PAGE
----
Sahityaki Quizzes - 2001

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Orage 2001

1. What does qqh in a prescription mean? 

2. This drug was conceived as a prodrug, that would be broken down in the body It was envisaged that this would occur through the action of enzymes known to be prevalent in prostatic tumours (acid phosphatases). The drug had excellent activity against a whole range of tumours but not prostatic tumours. It was activated through metabolism by enzymes present in liver. What drug? 

3. What disease is also known as the Neopolitan disease, the French disease, the English disease, the Spanish disease, and the Polish disease? In china, it is called the Canton disease; in Japan, the Chinese disease; in England, the French pox; and in France, la grosse verole. 

4. Robert Koch found it exceedingly difficult to grow solid gelatin cultures because they kept running off conventional lab containers. His assistant solved the problem for him. Who was the assistant and what was his solution?  

5. What happened to the deceased person's brain during the process of mummification?  

6. Leonardo da Vinci wrote...

'No organ needs so great a number of muscles as this organ. Of these, 24 were already known apart from the others that I have discovered, and of all the members moved by voluntary action, this exceeds all the rest in the number of its movements... the present task is to discover in what way these 24 muscles are divided or apportioned in the service of this organ in its necessary movements which are many and varied, and in addition, it has to be seen in what manner the nerves descend to it from the base of the brain, and how they pass into this organ, distributing themselves and breaking into ramifications... Moreover, you should show whence these muscles have their origin, that is, some in the vertebra of the neck.. some in the maxilla.. and some on the trachea... and similarly how the veins nourish them and how the nerves give them sensation.'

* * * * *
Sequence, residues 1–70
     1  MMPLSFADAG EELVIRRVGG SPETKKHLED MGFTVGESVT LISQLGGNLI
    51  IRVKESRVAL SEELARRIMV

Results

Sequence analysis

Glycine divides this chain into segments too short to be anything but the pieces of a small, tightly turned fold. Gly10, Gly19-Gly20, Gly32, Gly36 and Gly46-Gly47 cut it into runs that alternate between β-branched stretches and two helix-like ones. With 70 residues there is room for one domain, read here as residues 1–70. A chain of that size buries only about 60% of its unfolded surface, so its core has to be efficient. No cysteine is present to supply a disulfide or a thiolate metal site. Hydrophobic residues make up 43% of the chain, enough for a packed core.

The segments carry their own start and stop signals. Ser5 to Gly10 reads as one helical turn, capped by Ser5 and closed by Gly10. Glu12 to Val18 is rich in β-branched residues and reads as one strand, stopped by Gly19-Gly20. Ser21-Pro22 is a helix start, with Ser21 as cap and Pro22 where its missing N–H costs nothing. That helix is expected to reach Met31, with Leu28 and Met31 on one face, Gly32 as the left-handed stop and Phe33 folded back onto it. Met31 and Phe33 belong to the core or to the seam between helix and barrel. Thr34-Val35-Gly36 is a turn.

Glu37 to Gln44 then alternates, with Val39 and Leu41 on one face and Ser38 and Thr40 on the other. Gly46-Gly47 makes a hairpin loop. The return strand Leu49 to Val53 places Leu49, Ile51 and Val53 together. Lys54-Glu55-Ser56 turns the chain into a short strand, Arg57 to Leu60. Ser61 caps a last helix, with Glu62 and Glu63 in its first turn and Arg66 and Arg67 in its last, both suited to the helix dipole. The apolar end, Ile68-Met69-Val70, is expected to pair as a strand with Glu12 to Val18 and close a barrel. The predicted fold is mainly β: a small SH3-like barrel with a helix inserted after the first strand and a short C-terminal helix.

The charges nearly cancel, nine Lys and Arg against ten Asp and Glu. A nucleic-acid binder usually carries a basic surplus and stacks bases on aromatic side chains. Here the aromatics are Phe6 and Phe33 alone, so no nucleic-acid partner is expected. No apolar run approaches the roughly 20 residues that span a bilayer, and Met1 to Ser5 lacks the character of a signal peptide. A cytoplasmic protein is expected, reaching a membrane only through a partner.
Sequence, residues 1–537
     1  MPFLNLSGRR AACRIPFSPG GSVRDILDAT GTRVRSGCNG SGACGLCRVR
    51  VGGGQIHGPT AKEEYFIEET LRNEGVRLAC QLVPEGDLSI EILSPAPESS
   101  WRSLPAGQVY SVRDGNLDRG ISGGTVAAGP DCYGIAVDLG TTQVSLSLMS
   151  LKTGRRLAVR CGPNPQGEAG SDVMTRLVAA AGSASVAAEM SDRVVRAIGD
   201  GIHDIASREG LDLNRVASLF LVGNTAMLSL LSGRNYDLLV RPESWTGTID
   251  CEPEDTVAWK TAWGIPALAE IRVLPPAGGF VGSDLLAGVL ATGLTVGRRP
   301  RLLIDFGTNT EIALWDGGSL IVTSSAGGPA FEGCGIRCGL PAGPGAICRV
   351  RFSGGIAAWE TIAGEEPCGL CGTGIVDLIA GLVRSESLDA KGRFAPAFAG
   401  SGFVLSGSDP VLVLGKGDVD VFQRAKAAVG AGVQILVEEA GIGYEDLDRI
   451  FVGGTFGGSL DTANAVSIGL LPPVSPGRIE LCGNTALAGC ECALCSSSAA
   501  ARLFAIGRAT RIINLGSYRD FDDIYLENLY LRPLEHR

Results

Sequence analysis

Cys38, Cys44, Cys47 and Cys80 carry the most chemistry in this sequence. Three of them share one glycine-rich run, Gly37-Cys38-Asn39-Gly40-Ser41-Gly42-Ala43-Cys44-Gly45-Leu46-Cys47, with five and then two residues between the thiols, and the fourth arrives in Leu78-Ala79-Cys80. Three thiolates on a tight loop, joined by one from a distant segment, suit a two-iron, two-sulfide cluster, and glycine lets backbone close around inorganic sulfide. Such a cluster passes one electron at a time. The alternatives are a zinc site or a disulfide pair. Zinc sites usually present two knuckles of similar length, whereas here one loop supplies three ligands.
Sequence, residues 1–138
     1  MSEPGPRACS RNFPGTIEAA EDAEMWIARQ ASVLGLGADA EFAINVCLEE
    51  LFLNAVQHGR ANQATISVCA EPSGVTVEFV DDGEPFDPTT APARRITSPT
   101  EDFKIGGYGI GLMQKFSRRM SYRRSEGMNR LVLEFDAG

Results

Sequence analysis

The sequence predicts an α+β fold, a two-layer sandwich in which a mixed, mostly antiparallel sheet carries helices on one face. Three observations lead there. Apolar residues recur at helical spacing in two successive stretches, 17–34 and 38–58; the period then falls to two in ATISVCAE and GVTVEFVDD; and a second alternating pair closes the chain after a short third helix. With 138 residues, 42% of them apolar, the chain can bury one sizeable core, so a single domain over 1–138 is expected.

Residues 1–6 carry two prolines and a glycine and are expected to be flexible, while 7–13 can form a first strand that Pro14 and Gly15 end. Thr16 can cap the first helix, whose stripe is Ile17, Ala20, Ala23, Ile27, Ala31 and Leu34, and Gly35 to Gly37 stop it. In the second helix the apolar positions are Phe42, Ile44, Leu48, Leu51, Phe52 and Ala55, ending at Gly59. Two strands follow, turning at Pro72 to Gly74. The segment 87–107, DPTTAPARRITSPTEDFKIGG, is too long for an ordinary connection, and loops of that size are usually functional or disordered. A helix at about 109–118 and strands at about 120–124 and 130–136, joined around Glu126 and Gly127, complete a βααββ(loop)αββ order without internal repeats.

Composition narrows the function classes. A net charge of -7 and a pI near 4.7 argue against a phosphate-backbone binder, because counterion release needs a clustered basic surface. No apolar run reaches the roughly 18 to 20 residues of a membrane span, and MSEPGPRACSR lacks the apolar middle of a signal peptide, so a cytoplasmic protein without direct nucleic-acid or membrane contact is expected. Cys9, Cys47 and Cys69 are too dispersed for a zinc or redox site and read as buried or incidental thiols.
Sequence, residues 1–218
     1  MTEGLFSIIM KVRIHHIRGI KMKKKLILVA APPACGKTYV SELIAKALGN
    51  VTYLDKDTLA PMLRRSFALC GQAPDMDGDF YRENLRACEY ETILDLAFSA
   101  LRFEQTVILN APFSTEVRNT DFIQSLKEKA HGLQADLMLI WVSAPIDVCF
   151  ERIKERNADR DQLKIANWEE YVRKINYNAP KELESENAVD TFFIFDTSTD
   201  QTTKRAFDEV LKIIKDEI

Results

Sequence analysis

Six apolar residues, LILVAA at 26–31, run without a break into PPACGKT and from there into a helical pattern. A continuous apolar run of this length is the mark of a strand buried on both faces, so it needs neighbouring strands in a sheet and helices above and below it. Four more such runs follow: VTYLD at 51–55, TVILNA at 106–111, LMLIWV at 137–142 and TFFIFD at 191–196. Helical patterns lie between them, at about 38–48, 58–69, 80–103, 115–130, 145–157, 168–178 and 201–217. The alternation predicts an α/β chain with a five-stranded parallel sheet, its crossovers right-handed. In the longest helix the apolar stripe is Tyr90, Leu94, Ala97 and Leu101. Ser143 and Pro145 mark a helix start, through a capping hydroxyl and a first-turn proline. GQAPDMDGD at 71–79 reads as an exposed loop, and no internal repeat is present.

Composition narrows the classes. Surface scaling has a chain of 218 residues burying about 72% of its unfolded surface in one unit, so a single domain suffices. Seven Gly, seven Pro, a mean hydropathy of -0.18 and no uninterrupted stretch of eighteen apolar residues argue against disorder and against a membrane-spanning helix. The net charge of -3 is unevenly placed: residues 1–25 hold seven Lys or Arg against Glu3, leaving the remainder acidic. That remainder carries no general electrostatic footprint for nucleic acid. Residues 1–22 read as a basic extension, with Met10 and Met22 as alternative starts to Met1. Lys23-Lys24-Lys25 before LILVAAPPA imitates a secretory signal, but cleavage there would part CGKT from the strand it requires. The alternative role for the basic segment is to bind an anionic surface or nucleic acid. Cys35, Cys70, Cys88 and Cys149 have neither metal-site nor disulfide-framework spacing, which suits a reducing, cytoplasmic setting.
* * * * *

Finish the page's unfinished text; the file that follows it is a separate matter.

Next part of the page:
Name this organ.

7. What is the claim to fame of Janet Parker, a medical photographer, who died in 1978? 

8. Her festival falls on the seventh day after Holi in the month of Chaitra, She is the goddess who protects children from the dreaded disease of small pox. Festive eatables are cooked on the previous day, and no cooking is done on that day. Name the goddess and the festival. 

9. The old observation that urine, injected intravenously, lowers blood pressure led to the discovery of this group of peptide mediators. Interest in the field intensified when Rocha e Silva reported that reported that trypsin acted on plasma globulin to produce a substance that lowered BP and caused a slowly developing contraction of the gut. Name this substance.

10. Lycanthropy is a psychiatric condition in which a person starts believing that he is a particular animal, and imitates its lifestyle. What animal? 

11.  Horrified by what he had seen on the battlefield as a military surgeon, a young Frenchman, Dominique-Jean Larrey started this in 1792. The success of Larrey's approach earned him the position as Chief Surgeon of the Guard in all Napoleon Bonaparte's major campaigns from 1805 onwards.  Ten years later he was present at the Battle of Waterloo, tending casualties from both sides until he himself was wounded. What did he start?

12. This drug is a product of rational drug design. From 1942 on, Hitchings, Elion,and coworkers, in an effort to introduce new antineoplastic agents, started to synthesize and evaluate potential antimetabolites of the purine and pyrimidine bases of the nucleic acids. They tried this drug first in leukemia patients; it produced expected results but had no antineoplastic effect. This result suggested its potential usefulness in the therapy of another disease. In 1963, Rundles and co-workers performed, with great success, the first clinical trial of this drug in that disease. Name the drug and the disease. 

13. A little of ‘the leprous distilment’ of this herb was poured into the ear of Hamlet’s father while he slept and it killed him. A compound found in this herb is considered the best antiemetic for motion sickness. It is called khorasani ajwayan in vernacular. What herb?

14. What system of therapeutics is founded on the stated principle that "like cures like," similia similibus curantur

15. When the Arabs introduced the technique of obtaining this substance into Europe in the Middle Ages, the alchemists believed that it was the long-sought elixir of life. Its name is derived from Gaelic usquebagh, ‘water of life’. What? 

16. Name this device.

17. Name this man who was suffering from tuberculosis and did this self-portrait.

18. This instrument is called Lebenswecker which is German for "life awakener". What is this instrument used for?

19. The generic name of this plant means ‘red wood’, but it is neither the wood nor the berries, but the leaves that contain the active substance. Name the plant. 

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